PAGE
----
- Video Transcript Below - Hello there, my fellow foreign English speakers and welcome back to Robby's English Harmony video blog or my podcast, depending on which source you're using to acquire this message! If it's video on YouTube, or my blog, that's my video blog, obviously. In case you come from countries such as China where YouTube content is not really accessible, then you're listening to this as a podcast, right? So, today's topic is living in an English-speaking country in your own community, basically a community consisting of your own native counterparts, people who speak your native language. And why I chose this topic for today's video? The reason is quite simple, right? I got contacted by one of my blog readers; that person actually expressed her concern of her English improvement or, to be more specific, the lack thereof. Because, just like I said, that person described her situation which is pretty much the same as I just described, living in a community consisting mostly of people speak your language and basically you don't get a chance to practice your English because of that, right? And what was happening in that particular case? That person was quite good at understanding English, reading, so that part of that aspect of the English language didn't actually present any issues whatsoever. But it was the spoken aspect, which is totally understandable because this is actually the same thing that happens to so many foreigners who experience the fluency issue, right? (more…)

Don’t Use Subtitles in Your Native Language!

- Video Transcript Below - Hi Guys! Hello boys and girls! Hello my dear fellow foreign English speakers and welcome back to Robby's English Harmony video blog or, alternatively, if you're not watching this as video, but if you're listening to his as an audio, welcome back to English Harmony podcast for those of you who can't access YouTube video content, right? To the best of my knowledge, China is pretty much the only country where people aren't allowed to access certain YouTube channels, or something like that, but there might be more countries on the list which I'm not really aware of because I've only received requests from Chinese people to start the English Harmony podcast version, which would be just audio instead of video content, right And that's the reason why I actually started recording the audio files. Well, not really recording - I simply convert all my videos into audios, right? That's how it happens. You can find them on top of every video blog post that I publish on my blog. Anyway, today's subject is should you - that's a question, right? Posed, actually, to me by one of blog readers, should - well, he didn't actually pose the question this exact way; he was actually asking me. If I'm not mistaken, that person was 'him', it was male, right? A man. And he was asking me a question about finding English videos, right? And he said that he's finding it hard to find videos with subtitles in his native language and then that question poses another counter-question: should you actually be looking for videos with subtitles in your native language? (more…)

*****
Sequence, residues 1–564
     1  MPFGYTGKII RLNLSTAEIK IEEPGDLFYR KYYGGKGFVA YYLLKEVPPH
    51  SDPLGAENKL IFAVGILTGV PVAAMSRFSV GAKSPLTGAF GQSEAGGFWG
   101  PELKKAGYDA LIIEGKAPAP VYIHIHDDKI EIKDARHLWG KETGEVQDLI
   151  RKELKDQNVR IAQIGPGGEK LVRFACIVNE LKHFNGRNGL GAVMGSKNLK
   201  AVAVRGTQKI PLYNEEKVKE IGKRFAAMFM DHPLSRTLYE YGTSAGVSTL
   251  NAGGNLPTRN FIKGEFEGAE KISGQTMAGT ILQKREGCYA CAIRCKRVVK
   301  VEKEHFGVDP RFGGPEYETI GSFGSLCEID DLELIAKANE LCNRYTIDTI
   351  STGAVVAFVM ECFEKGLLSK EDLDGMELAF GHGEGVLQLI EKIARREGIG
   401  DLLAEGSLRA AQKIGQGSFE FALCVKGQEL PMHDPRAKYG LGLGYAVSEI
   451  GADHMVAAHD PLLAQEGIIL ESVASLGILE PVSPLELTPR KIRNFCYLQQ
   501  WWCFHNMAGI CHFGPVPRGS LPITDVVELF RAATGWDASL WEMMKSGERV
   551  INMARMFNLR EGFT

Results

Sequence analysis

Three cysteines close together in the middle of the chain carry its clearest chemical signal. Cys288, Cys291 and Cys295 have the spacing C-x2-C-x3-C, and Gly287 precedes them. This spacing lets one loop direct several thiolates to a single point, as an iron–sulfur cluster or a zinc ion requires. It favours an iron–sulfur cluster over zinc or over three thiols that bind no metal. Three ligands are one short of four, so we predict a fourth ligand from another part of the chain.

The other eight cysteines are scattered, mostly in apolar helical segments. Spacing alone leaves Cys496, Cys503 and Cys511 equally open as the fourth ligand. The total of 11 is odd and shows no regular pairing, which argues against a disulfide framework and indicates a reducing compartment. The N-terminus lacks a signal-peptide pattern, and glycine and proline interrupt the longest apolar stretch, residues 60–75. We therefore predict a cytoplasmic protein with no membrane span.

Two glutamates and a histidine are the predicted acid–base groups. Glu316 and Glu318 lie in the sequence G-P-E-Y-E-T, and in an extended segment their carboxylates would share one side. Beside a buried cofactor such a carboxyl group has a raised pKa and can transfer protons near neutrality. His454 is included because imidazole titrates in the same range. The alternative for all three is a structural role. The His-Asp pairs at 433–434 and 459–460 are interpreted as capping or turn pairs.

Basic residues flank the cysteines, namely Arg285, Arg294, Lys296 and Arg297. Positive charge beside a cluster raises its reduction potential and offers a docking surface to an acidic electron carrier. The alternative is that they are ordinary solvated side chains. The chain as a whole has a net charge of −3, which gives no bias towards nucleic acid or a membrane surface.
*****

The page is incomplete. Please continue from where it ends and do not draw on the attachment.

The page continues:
Seeing Forgotten English Words the Next Day & the “Gut Feeling”

English Idiom: “Wrap Your Head Around Something”

Hi guys and welcome back to another installment of the English Idiomatic Expression videos! :-) This time around we’re going to look at the following English idiom: WRAP YOUR HEAD AROUND SOMETHING and how it’s used in real life English conversations. Now, let me tell you right off the bat – more often than not, this particular idiom is used in a negative context. Basically it means that you’ll be most likely saying that you CAN’T wrap your head around something as opposed to saying that you can or you find it easy to wrap your head around something. Are you curious as to what exactly this phrase means? Would you like to be able to use it in your daily English conversations? (more…)